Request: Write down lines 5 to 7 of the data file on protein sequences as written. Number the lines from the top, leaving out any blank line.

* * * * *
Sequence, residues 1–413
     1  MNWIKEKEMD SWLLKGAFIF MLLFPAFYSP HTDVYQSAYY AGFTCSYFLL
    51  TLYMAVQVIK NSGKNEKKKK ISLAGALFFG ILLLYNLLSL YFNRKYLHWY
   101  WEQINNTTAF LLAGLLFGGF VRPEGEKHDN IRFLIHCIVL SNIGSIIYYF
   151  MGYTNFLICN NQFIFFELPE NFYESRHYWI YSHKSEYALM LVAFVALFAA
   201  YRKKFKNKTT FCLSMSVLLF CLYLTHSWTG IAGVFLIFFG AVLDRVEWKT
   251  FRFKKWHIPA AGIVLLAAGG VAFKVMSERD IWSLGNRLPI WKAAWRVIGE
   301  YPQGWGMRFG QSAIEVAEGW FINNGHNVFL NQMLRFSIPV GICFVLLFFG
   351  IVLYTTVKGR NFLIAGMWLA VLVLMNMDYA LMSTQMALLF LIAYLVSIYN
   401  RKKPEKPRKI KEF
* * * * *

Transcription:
   151  MGYTNFLICN NQFIFFELPE NFYESRHYWI YSHKSEYALM LVAFVALFAA
   201  YRKKFKNKTT FCLSMSVLLF CLYLTHSWTG IAGVFLIFFG AVLDRVEWKT
   251  FRFKKWHIPA AGIVLLAAGG VAFKVMSERD IWSLGNRLPI WKAAWRVIGE